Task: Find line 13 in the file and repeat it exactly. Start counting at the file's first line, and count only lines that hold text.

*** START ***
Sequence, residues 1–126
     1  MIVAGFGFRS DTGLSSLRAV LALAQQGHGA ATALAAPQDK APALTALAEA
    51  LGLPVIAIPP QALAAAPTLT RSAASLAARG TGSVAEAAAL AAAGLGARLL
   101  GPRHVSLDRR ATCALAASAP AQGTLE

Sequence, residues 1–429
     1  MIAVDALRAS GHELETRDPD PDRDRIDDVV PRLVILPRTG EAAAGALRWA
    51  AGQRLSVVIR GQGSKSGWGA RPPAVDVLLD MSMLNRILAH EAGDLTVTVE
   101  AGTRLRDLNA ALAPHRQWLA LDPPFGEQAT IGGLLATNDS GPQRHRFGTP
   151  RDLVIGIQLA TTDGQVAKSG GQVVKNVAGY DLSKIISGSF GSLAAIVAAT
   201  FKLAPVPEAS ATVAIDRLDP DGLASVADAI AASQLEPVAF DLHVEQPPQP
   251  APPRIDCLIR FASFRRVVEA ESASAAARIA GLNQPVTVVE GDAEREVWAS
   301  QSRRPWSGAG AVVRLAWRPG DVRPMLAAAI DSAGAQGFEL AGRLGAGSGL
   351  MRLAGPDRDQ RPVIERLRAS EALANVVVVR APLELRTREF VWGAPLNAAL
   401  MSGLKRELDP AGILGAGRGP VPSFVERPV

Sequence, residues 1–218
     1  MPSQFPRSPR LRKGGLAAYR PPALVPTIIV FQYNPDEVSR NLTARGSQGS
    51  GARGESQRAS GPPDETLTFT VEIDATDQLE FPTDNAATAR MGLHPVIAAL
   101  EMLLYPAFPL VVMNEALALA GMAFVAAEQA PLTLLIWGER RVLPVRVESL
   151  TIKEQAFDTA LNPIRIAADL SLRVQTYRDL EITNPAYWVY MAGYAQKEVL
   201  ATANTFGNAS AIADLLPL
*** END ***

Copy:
   351  MRLAGPDRDQ RPVIERLRAS EALANVVVVR APLELRTREF VWGAPLNAAL